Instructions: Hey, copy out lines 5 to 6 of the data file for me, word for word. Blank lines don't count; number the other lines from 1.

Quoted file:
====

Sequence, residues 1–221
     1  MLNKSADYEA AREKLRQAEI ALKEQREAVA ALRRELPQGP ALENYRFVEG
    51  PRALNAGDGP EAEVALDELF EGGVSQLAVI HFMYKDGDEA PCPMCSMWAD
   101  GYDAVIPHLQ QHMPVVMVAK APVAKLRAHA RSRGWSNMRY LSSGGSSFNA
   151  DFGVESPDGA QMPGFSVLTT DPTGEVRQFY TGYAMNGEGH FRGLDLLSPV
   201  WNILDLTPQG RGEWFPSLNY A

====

   151  DFGVESPDGA QMPGFSVLTT DPTGEVRQFY TGYAMNGEGH FRGLDLLSPV
   201  WNILDLTPQG RGEWFPSLNY A